The purpose of this paper is to offer a Lachmannian analysis aimed at studying the coherence and the efficiency of reforms in China in terms of institutional change. The idea is that transition dynamics cannot be analyzed by reference to market criteria only; transition is, above all, a change in institutions. Every transition economy thus faces the problem of creating a new institutional framework which associates the co-ordination of activities by the market with the preservation of a centralized mechanism of resource allocation. We explain that, in China, this role is played by decentralization. Indeed, we demonstrate that Chinese economic reforms, of which the main institutional vector is decentralization, show the particularity of reconciling, within one single logic, the permanency of a well-established institutional order required for the co-ordination of individual plans, and the flexibility of institutions necessary for the move towards the market. We then defend the theory that both the success and the originality of Chinese economic reforms rest on their capacity to resolve the permanency-flexibility dilemma.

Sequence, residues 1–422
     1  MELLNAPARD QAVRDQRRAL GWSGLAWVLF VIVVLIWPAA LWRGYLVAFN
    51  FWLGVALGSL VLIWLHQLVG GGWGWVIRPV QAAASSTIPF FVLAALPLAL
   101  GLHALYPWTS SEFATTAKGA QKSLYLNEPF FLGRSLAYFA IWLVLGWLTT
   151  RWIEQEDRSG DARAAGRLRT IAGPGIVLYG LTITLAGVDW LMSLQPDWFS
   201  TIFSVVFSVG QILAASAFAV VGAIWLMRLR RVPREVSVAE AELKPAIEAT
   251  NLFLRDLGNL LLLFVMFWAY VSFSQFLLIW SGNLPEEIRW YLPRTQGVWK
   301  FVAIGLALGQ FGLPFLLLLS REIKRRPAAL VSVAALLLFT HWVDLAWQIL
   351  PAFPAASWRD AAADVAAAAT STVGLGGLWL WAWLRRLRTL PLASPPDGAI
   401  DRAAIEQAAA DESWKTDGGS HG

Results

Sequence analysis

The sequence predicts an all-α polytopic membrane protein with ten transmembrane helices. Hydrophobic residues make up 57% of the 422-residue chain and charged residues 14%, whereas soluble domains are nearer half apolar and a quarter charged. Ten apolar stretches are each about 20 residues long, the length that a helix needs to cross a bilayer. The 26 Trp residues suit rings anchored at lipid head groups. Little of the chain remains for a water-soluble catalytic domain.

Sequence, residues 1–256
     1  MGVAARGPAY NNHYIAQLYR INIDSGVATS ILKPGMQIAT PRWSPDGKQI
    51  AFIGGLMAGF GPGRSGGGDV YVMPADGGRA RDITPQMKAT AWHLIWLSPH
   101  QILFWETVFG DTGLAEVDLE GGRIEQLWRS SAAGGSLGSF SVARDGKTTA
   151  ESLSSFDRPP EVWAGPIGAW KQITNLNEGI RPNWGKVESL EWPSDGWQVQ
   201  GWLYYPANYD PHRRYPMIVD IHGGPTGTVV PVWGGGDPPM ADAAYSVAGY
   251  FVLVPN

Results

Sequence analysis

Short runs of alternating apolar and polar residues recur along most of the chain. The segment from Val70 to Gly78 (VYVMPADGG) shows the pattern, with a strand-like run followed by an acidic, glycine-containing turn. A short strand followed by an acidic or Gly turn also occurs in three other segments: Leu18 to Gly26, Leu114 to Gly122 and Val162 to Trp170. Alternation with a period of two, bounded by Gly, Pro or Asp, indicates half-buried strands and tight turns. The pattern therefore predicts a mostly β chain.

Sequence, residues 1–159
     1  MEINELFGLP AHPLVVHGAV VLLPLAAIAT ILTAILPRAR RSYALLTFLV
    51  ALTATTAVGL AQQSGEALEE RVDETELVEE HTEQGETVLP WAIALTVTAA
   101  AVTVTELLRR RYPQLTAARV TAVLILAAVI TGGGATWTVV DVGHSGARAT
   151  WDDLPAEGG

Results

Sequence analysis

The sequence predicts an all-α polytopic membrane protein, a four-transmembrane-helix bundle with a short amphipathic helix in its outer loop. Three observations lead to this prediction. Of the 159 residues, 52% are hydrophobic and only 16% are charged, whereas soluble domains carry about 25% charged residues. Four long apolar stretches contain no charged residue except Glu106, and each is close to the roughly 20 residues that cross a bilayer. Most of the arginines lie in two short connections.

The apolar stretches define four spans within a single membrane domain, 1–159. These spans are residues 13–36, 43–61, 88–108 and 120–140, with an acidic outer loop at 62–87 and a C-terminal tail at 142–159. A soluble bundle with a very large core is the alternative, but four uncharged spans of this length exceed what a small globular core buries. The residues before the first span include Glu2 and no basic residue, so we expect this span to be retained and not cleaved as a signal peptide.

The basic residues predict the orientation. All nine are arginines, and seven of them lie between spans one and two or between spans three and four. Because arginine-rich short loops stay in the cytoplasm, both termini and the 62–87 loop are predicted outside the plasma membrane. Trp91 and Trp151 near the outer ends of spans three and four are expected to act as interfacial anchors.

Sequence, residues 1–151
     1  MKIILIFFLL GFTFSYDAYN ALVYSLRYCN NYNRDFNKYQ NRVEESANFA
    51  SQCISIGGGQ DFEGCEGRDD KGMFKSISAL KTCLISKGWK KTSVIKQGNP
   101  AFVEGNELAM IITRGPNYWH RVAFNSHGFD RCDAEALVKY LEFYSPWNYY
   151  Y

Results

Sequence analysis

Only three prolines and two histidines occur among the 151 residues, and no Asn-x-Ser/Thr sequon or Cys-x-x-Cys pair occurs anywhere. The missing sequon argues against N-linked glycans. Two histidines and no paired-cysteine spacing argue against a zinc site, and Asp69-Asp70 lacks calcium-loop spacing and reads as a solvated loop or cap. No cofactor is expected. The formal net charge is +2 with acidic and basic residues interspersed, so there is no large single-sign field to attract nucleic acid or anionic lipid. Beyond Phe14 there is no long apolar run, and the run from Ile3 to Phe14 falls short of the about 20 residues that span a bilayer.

The Review of Austrian Economics – Springer Journals
Published: Oct 4, 2004
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